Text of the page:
The discussion about corporate accountability with New York Times correspondent Ken Belson continues, as Belson details how Korean and Chinese executives are punished for wrongdoing.
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MARCO WERMAN: I'm Marco Werman. This is The World. So â€“ before the break, reporter Ken Belson of the New York Times was telling us about the culture of corporate accountability in Japan. It sounded a bit more stringent than in America. Mr. Belson says that's also true in South Korea and China â€“ especially China.
KEN BELSON: We've seen in China, with some of the food scandals and most recently with the earthquake last year and the destruction of certain schools, and the shoddy construction of them, China doesn't leave any doubt. There is a court case, but people are executed. And I think it's a rather definitive statement that the government tries to make. In Korea, it's a bit of a hybrid. You see a little bit of the sort of nuanced â€œsay goodbye but stay within the nestâ€ that you see in Japan, but you've seen executives from the biggest industrial combines hauled off to jail, without neckties, on public TV. There is more of a Chinese inclination towards legal means here. In Japan, unless really somebody's done something wrong, they rarely are trotted in front of the cameras like that. Mind you, this all happens, it's just rare you see CEOs hauled away for fraud at a company level.
WERMAN: It will be interesting to see what happens in India, where CEOs of the huge Satyam Computer Services Company are facing allegations of a massive accounting fraud. I mean, cash on a scale never seen before anywhere in the world. Do you have any thoughts on India's approach to corporate accountability and what might happen with the Satyam episode?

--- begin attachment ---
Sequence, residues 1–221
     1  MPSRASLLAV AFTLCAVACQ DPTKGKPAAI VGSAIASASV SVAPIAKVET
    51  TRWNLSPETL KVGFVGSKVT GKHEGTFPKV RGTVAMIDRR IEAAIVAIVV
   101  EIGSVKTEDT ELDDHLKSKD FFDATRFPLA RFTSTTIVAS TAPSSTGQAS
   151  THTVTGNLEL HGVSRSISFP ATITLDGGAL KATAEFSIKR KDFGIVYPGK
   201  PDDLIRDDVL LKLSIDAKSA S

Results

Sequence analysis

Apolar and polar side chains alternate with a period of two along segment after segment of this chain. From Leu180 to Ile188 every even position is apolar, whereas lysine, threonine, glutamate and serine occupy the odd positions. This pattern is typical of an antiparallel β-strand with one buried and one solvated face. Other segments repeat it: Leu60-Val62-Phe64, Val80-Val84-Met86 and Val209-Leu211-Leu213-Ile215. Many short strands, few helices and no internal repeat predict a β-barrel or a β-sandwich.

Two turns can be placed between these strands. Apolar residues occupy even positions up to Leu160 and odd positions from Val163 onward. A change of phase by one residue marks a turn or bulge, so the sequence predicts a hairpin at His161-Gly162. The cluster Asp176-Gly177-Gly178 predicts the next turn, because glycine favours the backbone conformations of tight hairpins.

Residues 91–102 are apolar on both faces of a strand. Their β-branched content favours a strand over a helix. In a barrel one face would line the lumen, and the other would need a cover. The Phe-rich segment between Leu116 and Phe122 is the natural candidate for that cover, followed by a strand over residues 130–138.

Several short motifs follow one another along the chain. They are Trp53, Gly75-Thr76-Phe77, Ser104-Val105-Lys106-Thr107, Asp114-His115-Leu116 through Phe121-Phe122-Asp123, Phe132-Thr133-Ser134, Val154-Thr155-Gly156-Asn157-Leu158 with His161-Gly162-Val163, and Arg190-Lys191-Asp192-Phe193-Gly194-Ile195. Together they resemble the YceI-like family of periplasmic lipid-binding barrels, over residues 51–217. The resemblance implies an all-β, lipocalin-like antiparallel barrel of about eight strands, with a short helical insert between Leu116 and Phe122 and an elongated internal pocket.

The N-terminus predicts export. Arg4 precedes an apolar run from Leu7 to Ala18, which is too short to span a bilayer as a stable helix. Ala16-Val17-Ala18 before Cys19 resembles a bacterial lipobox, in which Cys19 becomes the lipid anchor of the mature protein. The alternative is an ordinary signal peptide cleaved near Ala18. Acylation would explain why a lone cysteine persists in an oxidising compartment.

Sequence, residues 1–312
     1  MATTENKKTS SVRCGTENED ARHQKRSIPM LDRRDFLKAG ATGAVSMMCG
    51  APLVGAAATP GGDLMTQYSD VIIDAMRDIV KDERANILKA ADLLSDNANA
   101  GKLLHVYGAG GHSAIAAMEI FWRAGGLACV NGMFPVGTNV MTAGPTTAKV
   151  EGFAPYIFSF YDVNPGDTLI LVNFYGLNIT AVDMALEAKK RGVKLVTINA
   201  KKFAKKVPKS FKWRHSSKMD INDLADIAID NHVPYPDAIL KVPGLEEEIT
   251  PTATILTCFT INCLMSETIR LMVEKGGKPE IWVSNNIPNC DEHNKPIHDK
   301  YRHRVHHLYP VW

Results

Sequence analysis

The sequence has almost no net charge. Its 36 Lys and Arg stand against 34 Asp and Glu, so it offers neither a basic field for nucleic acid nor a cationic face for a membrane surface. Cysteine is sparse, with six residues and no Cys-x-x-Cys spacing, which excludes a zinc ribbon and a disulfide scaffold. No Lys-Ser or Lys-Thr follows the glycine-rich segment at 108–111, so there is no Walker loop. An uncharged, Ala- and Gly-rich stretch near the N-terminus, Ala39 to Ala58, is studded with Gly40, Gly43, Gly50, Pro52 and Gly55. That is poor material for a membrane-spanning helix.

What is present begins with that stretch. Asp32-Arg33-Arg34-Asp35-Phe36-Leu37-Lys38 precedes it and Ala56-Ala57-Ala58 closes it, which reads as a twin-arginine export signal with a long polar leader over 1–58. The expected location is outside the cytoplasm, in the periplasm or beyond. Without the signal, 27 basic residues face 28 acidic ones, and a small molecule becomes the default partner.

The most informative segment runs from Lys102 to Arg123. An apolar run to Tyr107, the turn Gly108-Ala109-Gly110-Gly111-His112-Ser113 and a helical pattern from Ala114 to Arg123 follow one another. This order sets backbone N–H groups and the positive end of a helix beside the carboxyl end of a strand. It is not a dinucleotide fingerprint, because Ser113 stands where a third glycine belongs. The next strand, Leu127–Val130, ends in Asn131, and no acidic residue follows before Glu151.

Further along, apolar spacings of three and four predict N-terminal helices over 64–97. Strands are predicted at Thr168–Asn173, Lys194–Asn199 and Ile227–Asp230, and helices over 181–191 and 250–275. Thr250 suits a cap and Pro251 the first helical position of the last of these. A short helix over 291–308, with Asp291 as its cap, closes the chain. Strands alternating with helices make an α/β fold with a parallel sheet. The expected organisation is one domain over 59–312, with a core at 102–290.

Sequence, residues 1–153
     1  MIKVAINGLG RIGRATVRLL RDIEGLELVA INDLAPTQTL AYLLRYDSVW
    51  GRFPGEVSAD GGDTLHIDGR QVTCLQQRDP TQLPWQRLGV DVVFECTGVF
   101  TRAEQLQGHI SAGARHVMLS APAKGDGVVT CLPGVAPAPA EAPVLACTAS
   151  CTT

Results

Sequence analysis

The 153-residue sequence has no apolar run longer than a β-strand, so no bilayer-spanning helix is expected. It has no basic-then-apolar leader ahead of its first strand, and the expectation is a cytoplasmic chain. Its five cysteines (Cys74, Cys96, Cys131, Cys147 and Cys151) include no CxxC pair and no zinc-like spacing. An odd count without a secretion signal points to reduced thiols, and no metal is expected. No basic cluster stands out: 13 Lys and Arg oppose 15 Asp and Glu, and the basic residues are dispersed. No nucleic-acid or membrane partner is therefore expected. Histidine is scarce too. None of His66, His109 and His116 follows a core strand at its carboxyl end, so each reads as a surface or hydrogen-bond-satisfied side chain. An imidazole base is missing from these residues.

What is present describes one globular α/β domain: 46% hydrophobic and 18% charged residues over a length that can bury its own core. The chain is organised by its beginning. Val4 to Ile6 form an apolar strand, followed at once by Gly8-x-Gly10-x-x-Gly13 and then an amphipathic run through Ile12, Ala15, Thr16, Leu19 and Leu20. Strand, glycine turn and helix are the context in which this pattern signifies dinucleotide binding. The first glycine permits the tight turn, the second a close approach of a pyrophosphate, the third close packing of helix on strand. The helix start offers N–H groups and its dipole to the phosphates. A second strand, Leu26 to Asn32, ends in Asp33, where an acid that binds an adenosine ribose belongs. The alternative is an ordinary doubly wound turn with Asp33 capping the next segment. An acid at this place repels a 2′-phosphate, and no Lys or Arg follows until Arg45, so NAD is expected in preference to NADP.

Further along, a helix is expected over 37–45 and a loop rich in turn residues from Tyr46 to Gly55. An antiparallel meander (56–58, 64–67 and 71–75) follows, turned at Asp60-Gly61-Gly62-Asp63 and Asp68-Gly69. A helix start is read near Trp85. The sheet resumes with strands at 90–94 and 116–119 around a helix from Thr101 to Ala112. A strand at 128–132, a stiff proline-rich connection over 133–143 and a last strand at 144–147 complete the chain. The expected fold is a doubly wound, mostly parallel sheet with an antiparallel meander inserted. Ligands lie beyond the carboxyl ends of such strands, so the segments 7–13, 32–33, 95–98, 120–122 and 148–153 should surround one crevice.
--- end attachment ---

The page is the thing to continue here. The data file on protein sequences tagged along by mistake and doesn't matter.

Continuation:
BELSON: Well, what's interesting there is they have a different legal system that they inherited from the British. So you may see sort of a more European response than in Japan. Certainly in Japan, where they have a legal system that looks like ours in name but operates much, much differently. So we may see a long trial and a judge may make a decision on this fellow's future. What's interesting here is he came forward and admitted his sins, and I think that also gains points in other countries, too. I think starting long legal suits in parts of Asia really don't get you a lot of points. In America, you try and exhaust all your legal avenues. In Asia, that's seen as somebody who doesn't want to admit what they did.
WERMAN: It's interesting. I don't know if you know this, but President Obama last night in his press conference made reference to Japan's Lost Decade because they waited too long to figure out how to fix their economy in the early â€˜90s. I'm just wondering if you saw any lessons in that era back in the 90s for the US right now.
BELSON: I heard that, his pronouncement there. And the Japanese in fact call it the Lost Decade, so it's not something anyone in America pinned on the Japanese. And I think it's interesting that we are now referring to the Japanese that way, partly because we've done more in â€“ the government collectively, both administrations have done more in a year than the Japanese did in about eight years after their bubble burst, starting in 1990. So that's interesting in and of itself. I think, although people are urging even faster passage, for example of the stimulus bill, Americans are already moving much, much quicker than Japan ever did. And it was only after the Yamaichi shock and a couple of banks went out of business not long after that that there was a palpable fear. So they set up things called Bridge banks, which is I guess what we have. They started pooling debts and government started securitizing them. Interest rates went to zero. But it took many years to get to that point. So I think we've already learned from the Japanese, whether it was intentional or not, our administration â€“ or both administrations really learned quickly you have to mobilize money, government has to put its name behind things to restore trust. Otherwise things will spin far out of control.
WERMAN: New York Times correspondent Ken Belson, thanks very much for your time.